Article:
Surviving a bear market

In 1982, one of the best investments you could have made would have been a long-term Government of Canada bond. Aside from the security of owning a fund comprised of investments guaranteed by the Canadian government, you would have benefited from long-term bond yields north of 17 per cent.

In 1982, one of the best investments you could have made would have been a long-term Government of Canada bond. Aside from the security of owning a fund comprised of investments guaranteed by the Canadian government, you would have benefited from long-term bond yields north of 17 per cent. 

These were, of course, historically high yields — the likes of which were unprecedented and haven’t been seen since. 

While there are a number of theories, most attribute the incredible rally in financial markets that began in the early ‘80s to the death of disco.

Had you invested $50,000 in this mutual fund, reinvested the distributions, and held it, you would likely be sitting on over $1 million today. 

If only my dad had listened to me!

Keep in mind that you would have had to pay annual taxes along the way. 

Is the same opportunity there today? Probably not. 

Many believe that the multi-year bull market for Canadian bonds is over. Many feel that interest rates in the near term are more likely to rise than to fall. And if that is the case, Canadian bond funds will struggle. 

Are there alternatives? 

One effective way of managing the fixed income component of your portfolio is through a laddered bond portfolio. For example, invest 20 per cent in a bond that matures in one year, 20 per cent in a two-year, and so on up to five years (or more). Each year, as a bond matures, buy a new five-year bond.

If interest rates continue to rise, you will have the benefit of being able to reinvest at a higher rate annually. If interest rates fall, your longer term bonds will become more valuable, as they will be earning a better return than what is available in the open market.

A laddered bond portfolio can also be customized to match your income and liquidity requirements. A bond portfolio can be set up to provide income on a regular basis. A laddered bond portfolio also provides access to lump sums annually as individual bonds mature.

Most importantly, laddering your bond portfolio reduces risk. By customizing a bond portfolio to your specific needs, you reduce the risk that a bond would need to be sold prior to maturity, which can result in a loss.

For more on fixed income investing, please feel free to call or e-mail.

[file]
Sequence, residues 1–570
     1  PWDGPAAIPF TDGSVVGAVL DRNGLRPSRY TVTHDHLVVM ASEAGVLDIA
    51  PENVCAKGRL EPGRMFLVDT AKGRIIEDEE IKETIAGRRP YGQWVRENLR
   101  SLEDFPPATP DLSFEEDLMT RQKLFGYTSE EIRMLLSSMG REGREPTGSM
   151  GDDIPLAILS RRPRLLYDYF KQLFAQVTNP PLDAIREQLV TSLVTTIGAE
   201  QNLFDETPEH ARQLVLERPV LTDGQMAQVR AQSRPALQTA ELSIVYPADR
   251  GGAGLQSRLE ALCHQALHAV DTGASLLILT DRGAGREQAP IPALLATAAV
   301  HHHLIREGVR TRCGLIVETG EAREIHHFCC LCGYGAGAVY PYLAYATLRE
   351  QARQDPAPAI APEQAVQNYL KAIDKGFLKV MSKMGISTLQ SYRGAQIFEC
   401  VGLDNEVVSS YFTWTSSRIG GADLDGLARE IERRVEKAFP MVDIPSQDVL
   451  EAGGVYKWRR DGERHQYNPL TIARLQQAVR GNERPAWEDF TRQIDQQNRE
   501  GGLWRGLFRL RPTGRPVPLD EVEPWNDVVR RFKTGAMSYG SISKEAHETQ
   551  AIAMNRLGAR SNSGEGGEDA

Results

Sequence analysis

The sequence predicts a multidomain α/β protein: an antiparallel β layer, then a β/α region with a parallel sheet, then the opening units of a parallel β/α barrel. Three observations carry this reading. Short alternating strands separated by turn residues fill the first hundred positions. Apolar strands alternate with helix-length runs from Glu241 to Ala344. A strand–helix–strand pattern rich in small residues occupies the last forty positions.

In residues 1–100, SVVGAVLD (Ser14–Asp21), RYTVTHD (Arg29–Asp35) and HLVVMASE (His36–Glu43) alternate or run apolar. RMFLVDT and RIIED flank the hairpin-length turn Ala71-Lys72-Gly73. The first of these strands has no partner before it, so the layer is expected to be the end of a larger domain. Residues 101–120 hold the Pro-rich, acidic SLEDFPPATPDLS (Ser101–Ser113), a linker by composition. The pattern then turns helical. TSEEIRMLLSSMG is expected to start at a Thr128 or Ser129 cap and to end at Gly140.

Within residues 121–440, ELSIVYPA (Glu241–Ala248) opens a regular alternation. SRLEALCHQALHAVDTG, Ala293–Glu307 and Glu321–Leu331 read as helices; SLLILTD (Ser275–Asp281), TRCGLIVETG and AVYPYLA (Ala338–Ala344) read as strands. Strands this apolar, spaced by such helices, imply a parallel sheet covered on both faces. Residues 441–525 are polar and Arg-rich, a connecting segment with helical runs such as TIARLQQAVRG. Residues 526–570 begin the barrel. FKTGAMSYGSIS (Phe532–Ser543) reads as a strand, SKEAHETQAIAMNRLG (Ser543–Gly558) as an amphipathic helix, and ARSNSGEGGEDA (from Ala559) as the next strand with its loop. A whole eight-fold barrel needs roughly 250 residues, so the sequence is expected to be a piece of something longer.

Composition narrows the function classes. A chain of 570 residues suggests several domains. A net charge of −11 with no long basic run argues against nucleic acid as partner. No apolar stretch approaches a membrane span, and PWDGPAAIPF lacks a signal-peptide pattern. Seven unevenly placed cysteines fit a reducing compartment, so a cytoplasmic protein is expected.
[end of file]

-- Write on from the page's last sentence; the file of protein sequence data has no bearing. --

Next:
To receive PDF versions of this or previous articles please e-mail jim.grant@raymondjames.ca.

 

Jim Grant, CFP (Certified Financial Planner) is an Financial Advisor with Raymond James Ltd (RJL). The views of the author do not necessarily reflect those of RJL. This article is for information only. Raymond James Ltd., member CIPF. For more information feel free to call Jim at 752-8184, or e-mail at jim.grant@raymondjames.ca. and/or visit www.raymondjames.ca.

 

Just Posted

Farewell to Parksville Beach Festival for 2019

People’s Choice Awards tallied, organizers report another successful year

Group aims to preserve French Creek tree

Save Estuary Land Society says bald eagles used tree for nest

UPDATE: Nanoose Bay residents miffed as roadwork on Northwest Bay Road causing long delays

‘I sat in traffic for a half-hour and moved approximately 50 feet’

Oceanside RCMP officer makes Alexa’s Team

Munro able to stop and process 15 impaired motorists during the past year

Oceanside Generals boost arsenal for coming VIJHL season

Coach Lemmon gets a good look at players at main camp

VIDEO: RCMP unveil new, state-of-the-art forensics lab in Surrey

The laboratory is expected to handle thousands of forensic services from across Canada annually

Scheer promises EI tax credit for new parents if Conservatives form government

The government currently taxes employment insurance benefits for new parents

B.C. manhunt suspects left cellphone video before they died: family

Family member says Kam McLeod, Bryer Schmegelsky recorded final wishes

Parksville man, 75, goes missing from north Nanaimo home

Police dog services called in to help with search

B.C. seizes 1.5M grams contraband tobacco, down from 5.75M grams the year prior

The 2019-2020 seizures were a sharp drop compared to the 2018-2019 year,

B.C. Speaker tight-lipped about aide’s legislature security tour

B.C. Liberals question Alan Mullen’s drive across Canada, U.S.

B.C. sets rules for ride hailing, same minimum fee as taxis

Larger operating areas seen as threat by cab companies

Most Read